I think the reason this makes sense for APUG is that it is at least supposedly about "analogue" processes and how they persist in an otherwise predominantly digital world.
I think any process has the potential to result in special results, but the question really turns on what we mean by "special".
“Photography is a complex and fluid medium, and its many factors are not applied in simple sequence. Rather, the process may be likened to the art of the juggler in keeping many balls in the air at one time!”
Ansel Adams, from the introduction to The Negative - The New Ansel Adams Photography Series / Book 2
Like most things, its totally subjective.
Me, personally, I like the process of making a print with an enlarger and chemicals. It is a much more interesting process then sitting in front of a PC, photo shop and an inkjet. Thats what makes it special FOR ME.
From a consumers perspective, its a strong No. As a matter of fact, for those who care and have embraced digital, they probably can take their prints to places they could have never of imagined then in the past.
Yes, a B&W optical wet print CAN have much more tonal range then one produced digitally, but then again, digital photography is more akin to shooting chromes then anything else - is it really the print or the original capture?
What about medium choice? One thing that a lot of people like about inkjets is the wide choice of materials that can be printed on (canvas anyone? As much as I loathe them, they are very popular).
As for Archival - well, an optically printed digital RC photo is no different to an optically printed analogue RC print....and it now appears that Inkjet Photos have been rated into the 100's of years on display and +200 years under archival storage, if the right products are chosen.
I think that if People are printing, regardless of it being via a digital means or analogue, they are ALL making it a bit more special, especially compared to those who are happy to leave their pictures restricted to social media....
Originally Posted by Bob Carnie
Last edited by coigach; 02-03-2012 at 09:05 AM. Click to view previous post history.
I like both, to be honest. Darkroom prints are great--if done well. Inkjet prints for color work is great as well--if done well (the overasaturated, giant prints are the one's that rub me the wrong way), and hybrid work for alt processes are excellent as well. They all have their place.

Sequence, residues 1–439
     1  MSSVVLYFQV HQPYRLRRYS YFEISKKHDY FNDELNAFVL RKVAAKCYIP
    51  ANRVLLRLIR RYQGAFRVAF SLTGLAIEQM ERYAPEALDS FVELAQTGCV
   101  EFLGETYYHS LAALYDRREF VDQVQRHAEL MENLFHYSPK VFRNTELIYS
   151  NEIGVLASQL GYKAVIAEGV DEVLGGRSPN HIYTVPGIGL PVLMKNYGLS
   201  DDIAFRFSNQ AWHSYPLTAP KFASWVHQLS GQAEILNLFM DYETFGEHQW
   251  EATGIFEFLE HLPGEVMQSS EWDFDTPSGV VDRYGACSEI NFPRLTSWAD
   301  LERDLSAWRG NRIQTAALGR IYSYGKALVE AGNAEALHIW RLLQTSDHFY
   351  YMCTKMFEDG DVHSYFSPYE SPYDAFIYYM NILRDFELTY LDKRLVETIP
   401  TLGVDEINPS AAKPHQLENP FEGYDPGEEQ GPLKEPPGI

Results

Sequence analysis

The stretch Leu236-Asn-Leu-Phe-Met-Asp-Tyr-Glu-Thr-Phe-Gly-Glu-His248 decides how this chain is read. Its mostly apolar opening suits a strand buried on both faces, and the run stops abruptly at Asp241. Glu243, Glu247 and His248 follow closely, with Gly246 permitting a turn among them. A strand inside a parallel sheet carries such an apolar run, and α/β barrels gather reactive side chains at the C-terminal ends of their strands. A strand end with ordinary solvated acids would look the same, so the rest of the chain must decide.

There does seem to be a divide in the gallery/curator world. Here in SFe I have seen both sides: some people think inkjets are just as legitmate while others question that. Ultimately, it seems to come down to the name, the content, and the presentation, although some collectors here seem to only go for darkroom/alt processes and not to tend towards the inkjets since their archival qualities have yet to be proven.
Oh, and in the Andrew Smith Gallery, there's some Cibahromes next to some inkjets, and while I like the finish of the Cibas, I have to admit the inkjets are balanced better, look sharper, and overall seem more pleasing.
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Originally Posted by coigach
I shoot (horrors!) color transparency film most of the time. Why? Because I like it. Now having said that, B&W does have its merits too and I have a roll of Tri-X in the refrigerator just waiting to be fed to my camera.
That Other "Capture/Presentation" Method has its merits too, as does hybrid. But I still love the analog photography process and presentation on a big screen in a darkened room.
There is no problem with shooting color transparencies, or sharing them on APUG. There is no problem with discussing the non digital portions of a hybrid process. There is no problem with using DPUG to discuss hybrid and digital processes. There is no problem with discussing the effect of modern times on the prevalence or marketability of traditional prints.
It is, however, very uncool to attempt to hijack a thread to complain about how APUG isn't what YOU want it to be. It's also boorish and tiresome.
APUG has a narrow charter, and that's the end of it.
Apologies if that's how my contribution came across, that was not the intention.
Originally Posted by JBrunner
Originally Posted by Klainmeister
Interesting that a gallery would question the use of photographic inkjet as a legitimate or worthy print, when for years they have been pimping "giclee" for so called "art".
That's like saying the sex you get from a hooker is less legitimate than the sex you got when you were in prison.
Neither is love but it got the job done.
I couldn't think of anything witty to say so I left this blank.
As someone whose first job was studio assistant and who went on to be a professional B&W printer before adopting more remunerative careers, I don't associate the silver print process with zen like calm.